On the DSL checker - what do providers suggest is possible when doing house PLUS postcode look ups? Might be worth asking on our forum for people to look deeper into why the lookup may not match your experience.
Posted by andrew (Favicon staff member) 3 months ago
@blackmamba Telephone numbers are a virtual concept and can be ported around geographically very quickly, physical addresses are somewhat more solid.
Posted by andrew (Favicon staff member) 3 months ago
@blackmamba Plus plenty of technologies where the concept of a telephone number is totally irrelevant.
Posted by burble 3 months ago
Andrew, when doing house/phone number/postcode 7-13Mb
Posted by andrew (Favicon staff member) 3 months ago
So in which case makes one wonder what the BDUK person is using.

Presuming this is ADSL/ADSL2+ what is your downstream and upstream line attenuation?
Posted by Blackmamba 3 months ago
Hi Brondband Watchers and Burble.
If iyou have a problem all ways refere to your ISP for advise and check the services that are available on your Post Code for speed in the local area.
Use Openreach website for direction eg Bus and Res.and select your requirements for price and value.
Posted by andrew (Favicon staff member) 3 months ago
@blackmamba Probably find than 9 out of 10 ISP support have no clue about the relationship between attenuation and connection speeds, hence asking the question here.
Posted by burble 3 months ago
Blimey Andrew thought I had a bad memory :p , it's FTTC, downstream 33.1, upstream 16.2.
Posted by andrew (Favicon staff member) 3 months ago
33dB attenuation on VDSL2 means a very long line, and the download speeds are no big surprise given the attenuation.

Also the checkers due to the way VDSL2 behaves on long lines can be a pretty wrong.

Posted by burble 3 months ago
I agree, my speed should be no surprise to any knowledgeable person, as I've posted before the OR engineer who lives 'down the road' told me the best I could expect is 4Mb, yet the BDUK partners say otherwise.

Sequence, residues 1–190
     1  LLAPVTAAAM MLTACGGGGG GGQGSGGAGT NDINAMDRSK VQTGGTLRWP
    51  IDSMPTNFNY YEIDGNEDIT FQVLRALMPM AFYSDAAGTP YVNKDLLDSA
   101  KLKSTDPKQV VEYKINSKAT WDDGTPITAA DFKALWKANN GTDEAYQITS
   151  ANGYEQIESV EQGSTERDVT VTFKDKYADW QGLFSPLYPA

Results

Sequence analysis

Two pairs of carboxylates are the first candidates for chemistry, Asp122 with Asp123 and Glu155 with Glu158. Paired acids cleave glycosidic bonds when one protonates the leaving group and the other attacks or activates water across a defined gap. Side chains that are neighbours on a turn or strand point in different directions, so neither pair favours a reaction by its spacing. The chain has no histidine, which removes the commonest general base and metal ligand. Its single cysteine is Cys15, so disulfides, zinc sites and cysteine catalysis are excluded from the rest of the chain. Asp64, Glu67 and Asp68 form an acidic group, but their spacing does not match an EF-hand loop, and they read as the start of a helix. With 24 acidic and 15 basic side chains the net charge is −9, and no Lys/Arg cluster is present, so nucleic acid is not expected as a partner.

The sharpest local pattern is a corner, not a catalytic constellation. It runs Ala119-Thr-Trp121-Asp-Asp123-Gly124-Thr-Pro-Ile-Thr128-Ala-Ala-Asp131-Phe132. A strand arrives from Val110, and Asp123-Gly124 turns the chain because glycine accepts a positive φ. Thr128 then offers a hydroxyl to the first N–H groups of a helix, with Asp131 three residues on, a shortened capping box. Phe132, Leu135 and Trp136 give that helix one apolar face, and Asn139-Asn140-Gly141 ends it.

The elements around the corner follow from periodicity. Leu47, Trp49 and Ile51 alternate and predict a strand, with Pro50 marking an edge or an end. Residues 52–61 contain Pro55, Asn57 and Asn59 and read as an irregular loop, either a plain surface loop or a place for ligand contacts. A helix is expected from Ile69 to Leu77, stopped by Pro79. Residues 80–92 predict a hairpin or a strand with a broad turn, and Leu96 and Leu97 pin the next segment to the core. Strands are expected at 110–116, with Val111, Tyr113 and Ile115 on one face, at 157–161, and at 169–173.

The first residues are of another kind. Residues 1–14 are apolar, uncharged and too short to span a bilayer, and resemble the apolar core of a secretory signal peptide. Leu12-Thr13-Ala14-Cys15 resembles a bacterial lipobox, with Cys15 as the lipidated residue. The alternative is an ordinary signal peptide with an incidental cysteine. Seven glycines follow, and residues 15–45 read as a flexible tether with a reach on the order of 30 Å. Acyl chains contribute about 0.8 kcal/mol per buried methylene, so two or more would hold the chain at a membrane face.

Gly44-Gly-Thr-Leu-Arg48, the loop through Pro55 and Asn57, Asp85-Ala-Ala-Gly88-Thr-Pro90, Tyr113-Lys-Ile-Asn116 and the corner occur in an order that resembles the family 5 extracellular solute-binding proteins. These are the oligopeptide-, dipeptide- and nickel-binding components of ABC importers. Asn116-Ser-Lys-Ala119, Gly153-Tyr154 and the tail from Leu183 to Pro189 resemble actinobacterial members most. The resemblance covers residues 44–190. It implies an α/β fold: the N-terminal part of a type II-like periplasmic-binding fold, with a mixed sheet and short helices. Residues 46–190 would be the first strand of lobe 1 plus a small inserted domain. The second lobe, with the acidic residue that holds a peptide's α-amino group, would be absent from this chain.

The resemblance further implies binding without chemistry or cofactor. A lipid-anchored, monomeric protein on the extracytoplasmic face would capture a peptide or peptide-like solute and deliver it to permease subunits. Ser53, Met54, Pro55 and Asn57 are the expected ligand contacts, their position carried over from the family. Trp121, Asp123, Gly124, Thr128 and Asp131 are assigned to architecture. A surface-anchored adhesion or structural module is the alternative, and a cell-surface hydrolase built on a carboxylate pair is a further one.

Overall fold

Posted by andrew (Favicon staff member) 3 months ago
BDUK partners are very unlikely to be experts in how VDSL2 performs.
Posted by Blackmamba 3 months ago
Hi Burble.
Check on BT website on your Post Code and see what service are available then on your address then contact your ISP and see if they can help with you problem.
Posted by andrew (Favicon staff member) 3 months ago
@blackmamba Unless the ISP funds a new VDSL2 cab closer to @Burble then ISP is not going to achieve anything
Posted by burble 3 months ago
as Andrew says, it will need new equipment nearer the house or long range VDSL to make a difference, BT show 7-11Mb, but a succession of OR engineers have been unable to get it anywhere near this, hence my interest in the USO.
Posted by silverdove 3 months ago
The USO must include unlimited usage. Speed isn't everything.
Posted by burble 3 months ago
@silverdove, I'm not up to speed on satellite, but aside from that where is there a problem with usage? The USO would normally state along lines of "must be available at a reasonable cost" AFAIK all landlines can already get unlimited usage at a commercial rate.
Posted by silverdove 2 months ago
@Burble - yep for landlines within 1500m of the greenbox that's fine. I'm 3k from the green box and have been told by OpenReach that we'll probably never get fast/superfast here - currently d/l speed between 0.5Mbps - 1.5Mbps - I live on a farm in Cornwall :-). The solution for us is either Satellite (£80 - £10o per month the last time I looked) or 4G. Haven't found an unlimited 4G that you can tether yet (including using iPad) at a good rate. Be happy if you can point me to one. All I need is 10Mbps - if you know of one please let me know.
Posted by burble 2 months ago
Never looked into 4G, getting any sort of mobile signal is considered quite an achievement here and then only on EE, 3G or 4G are out of the question. The OR engineers often drive out of village to use their mobiles. You ADSL speed is around what we had before switching to FTTC, my worry is that with adoption of 10Mb USO will result in us just being offered a voucher for satellite.
Posted by silverdove 2 months ago
@burble - I can better the OR engineer driving out of the village - they have to use MY mobile to make calls. I'm on O2 and as long as the wind in blowing in the right direction.......:-))
Posted by gah789 2 months ago
You live on a farm. Would you agree to a contract to supply an unlimited amount of milk for a fixed price? Providing bandwidth costs a lot of money, especially in remote areas. Requiring the USO offer unlimited usage is a sure guarantee that most small providers will drop out, since the customers who take advantage of it are exactly the ones you can't afford to serve. But, in practice, Openreach is probably not interested and the subsidy required would be astronomical. Result: a USO with so many exclusions that it is not worth anything.